10 Ways Education Impacts on a Woman’s life
Friday, 23 October 2015
By International Needs
Education is key to addressing gender-based inequalities and exclusions which exist around the world. Whilst young boys and girls both have the same fundamental human right to education, girls generally receive far less education and have access to less opportunities than their male counterparts. Girls who are from minority communities and live in rural areas tend to experience these problems at a greater extent.
1. Education can improve a woman’s annual income:
For every primary school year completed, a woman’s annual earnings increase by 10%-20%
2. Girl’s education prevents child marriage:
Every 30 seconds, 13 girls are married before the age of 18. That’s 38 thousand girls in one day.
However, a girl with at least seven years of education marries four years later and has 2.2 fewer children.
3. Education reduces the risk of gender-based violence:
On average, 30% of women who have been in a relationship report that they have experienced some form of physical or sexual violence by their partner. Globally, as many as 38% of murders of women are committed by an intimate partner.
Research suggests that women who are educated experience less violence.
4. Girls’ education has a positive impact on the lives of their children:
1.7 million fewer children would suffer from stunting if all women had completed primary education, rising to 12.2 million if all women had completed secondary education .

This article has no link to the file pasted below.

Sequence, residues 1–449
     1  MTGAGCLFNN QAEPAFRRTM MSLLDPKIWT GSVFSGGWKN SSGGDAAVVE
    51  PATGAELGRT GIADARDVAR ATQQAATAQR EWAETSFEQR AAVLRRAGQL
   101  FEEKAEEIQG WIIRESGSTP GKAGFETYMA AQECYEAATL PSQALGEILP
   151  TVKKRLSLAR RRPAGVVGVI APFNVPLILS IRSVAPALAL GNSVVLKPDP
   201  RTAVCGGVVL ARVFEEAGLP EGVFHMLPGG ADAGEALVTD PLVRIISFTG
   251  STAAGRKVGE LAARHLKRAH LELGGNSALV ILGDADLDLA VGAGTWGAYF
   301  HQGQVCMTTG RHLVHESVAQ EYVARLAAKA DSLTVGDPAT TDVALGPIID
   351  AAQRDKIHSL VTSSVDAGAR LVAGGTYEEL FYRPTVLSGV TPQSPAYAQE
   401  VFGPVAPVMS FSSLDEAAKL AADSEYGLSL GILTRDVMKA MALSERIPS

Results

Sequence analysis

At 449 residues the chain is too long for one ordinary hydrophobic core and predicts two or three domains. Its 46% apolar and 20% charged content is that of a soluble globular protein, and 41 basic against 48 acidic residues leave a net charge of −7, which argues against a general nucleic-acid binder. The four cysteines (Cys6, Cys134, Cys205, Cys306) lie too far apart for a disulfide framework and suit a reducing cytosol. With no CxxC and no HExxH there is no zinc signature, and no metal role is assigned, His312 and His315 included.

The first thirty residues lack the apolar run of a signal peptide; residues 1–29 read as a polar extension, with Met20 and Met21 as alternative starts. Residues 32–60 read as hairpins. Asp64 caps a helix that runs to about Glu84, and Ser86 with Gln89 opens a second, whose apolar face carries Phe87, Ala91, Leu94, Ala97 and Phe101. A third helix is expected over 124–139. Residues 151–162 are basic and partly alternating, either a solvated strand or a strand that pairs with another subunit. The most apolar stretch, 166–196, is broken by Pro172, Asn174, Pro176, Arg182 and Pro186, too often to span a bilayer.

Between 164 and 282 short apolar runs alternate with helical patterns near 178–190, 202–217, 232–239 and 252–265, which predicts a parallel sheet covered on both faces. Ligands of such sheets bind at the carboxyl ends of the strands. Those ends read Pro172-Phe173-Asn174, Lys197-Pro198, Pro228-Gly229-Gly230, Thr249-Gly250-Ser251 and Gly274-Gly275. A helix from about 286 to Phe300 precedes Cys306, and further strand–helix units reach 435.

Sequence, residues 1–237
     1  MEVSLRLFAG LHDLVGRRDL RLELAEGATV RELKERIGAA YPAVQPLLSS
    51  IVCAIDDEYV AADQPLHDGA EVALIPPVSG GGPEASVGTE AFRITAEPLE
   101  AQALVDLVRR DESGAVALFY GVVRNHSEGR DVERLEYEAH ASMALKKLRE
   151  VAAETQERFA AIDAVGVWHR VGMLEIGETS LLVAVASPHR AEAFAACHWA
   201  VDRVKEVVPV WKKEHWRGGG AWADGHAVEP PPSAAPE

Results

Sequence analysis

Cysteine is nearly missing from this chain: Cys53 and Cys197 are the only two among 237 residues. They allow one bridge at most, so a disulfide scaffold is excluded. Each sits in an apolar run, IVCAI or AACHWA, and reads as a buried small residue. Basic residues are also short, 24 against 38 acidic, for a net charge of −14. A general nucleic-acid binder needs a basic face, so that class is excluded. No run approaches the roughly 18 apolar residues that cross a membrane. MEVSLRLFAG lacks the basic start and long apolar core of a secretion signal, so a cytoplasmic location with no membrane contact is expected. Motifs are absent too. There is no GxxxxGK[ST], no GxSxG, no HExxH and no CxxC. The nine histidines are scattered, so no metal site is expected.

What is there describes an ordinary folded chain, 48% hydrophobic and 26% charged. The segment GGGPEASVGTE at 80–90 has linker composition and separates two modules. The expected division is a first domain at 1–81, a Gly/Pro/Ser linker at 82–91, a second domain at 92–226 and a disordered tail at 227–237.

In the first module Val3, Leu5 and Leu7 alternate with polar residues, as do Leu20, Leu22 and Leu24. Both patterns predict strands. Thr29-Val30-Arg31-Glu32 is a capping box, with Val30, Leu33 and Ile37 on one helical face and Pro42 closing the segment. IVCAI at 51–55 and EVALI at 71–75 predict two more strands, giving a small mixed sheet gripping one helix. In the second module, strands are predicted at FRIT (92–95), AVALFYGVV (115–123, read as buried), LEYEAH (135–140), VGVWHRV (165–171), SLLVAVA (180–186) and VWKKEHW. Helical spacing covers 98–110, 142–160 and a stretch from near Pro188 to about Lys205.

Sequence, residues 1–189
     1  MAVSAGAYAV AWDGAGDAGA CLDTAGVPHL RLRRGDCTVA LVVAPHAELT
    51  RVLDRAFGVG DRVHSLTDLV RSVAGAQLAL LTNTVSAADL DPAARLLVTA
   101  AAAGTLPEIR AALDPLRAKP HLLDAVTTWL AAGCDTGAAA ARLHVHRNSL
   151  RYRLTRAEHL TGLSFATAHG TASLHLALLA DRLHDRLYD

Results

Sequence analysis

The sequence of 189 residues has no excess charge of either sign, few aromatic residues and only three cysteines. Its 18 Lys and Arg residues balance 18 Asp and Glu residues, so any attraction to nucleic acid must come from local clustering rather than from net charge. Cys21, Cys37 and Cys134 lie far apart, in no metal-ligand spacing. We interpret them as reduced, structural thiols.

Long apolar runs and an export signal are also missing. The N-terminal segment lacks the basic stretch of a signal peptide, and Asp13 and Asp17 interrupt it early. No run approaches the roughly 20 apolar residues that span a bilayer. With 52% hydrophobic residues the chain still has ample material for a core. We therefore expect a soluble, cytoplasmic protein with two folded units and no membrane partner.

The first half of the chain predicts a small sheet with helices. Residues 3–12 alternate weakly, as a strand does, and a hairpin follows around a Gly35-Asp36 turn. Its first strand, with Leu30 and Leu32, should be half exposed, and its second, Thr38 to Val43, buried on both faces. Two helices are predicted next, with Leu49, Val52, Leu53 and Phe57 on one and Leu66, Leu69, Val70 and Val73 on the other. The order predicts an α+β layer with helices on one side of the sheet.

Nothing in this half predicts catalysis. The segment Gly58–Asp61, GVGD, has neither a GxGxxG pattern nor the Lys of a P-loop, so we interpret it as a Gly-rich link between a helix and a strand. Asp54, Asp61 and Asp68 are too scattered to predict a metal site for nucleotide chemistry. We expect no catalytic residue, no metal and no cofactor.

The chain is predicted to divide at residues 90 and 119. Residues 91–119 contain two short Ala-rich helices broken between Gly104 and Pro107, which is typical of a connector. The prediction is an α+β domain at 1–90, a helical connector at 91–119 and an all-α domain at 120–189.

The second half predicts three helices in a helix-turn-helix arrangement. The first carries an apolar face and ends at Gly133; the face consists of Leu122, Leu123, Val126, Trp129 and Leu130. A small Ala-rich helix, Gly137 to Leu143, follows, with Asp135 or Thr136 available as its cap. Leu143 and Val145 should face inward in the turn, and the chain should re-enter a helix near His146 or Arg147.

Educated mothers are 50% more likely to immunise their children.
5. Education can prevent Female Genital Mutilation (FGM):
Globally, an estimated 100-140 million girls and women alive today have undergone some form of FGM. Research suggests that basic education can help eliminate this practice.
6. Education can prevent maternal mortality:
Every year 287,000 women die as a consequence of pregnancy related complications or childbirth.
Educating a girl for six years drastically improves their prenatal and postnatal care.
7. Education can prevent HIV:
A girl who completes basic education is three times less likely to contract HIV.
8. Education increases women’s involvement in the political process:
Women are outnumbered four to one in legislatures around the world. Educated women are more likely to participate in political processes and decision-making which promotes representation and effective governance both locally and nationally.
9. Education narrows pay gaps between men and women:
In Pakistan for example, women with primary education earn 51% of what men earn. With secondary education, they earn 70% of what men earn
10. Educated mothers lead to educated daughters:
For every year a mother stays in school, her daughters are 20% more likely to stay an extra year.
HOW YOU CAN SUPPORT GIRL’S EDUCATION:
Based on the positive outcomes that arise as a consequence of girls’ education, it is important to support and nurture children’s education globally. One can support education in a number of ways such as fundraising to ensure children are kept in schools and have adequate school supplies to receive the best quality education.
International Needs Australia is an international development organisation working to improve the lives of individuals in the developing world. Currently, International Needs Australia is running the ‘Just One Day’ campaign for primary school students. This campaign aims to raise awareness about poverty and the importance of education, by asking students and their families to live simply for just one day. Students and their families are encouraged to fundraise, in order to keep children from developing countries in school. Raising just $100 will assist one family in sending one child to school for the year, whilst raising $200 will provide classroom resources for a whole primary school. To find out more, please click here
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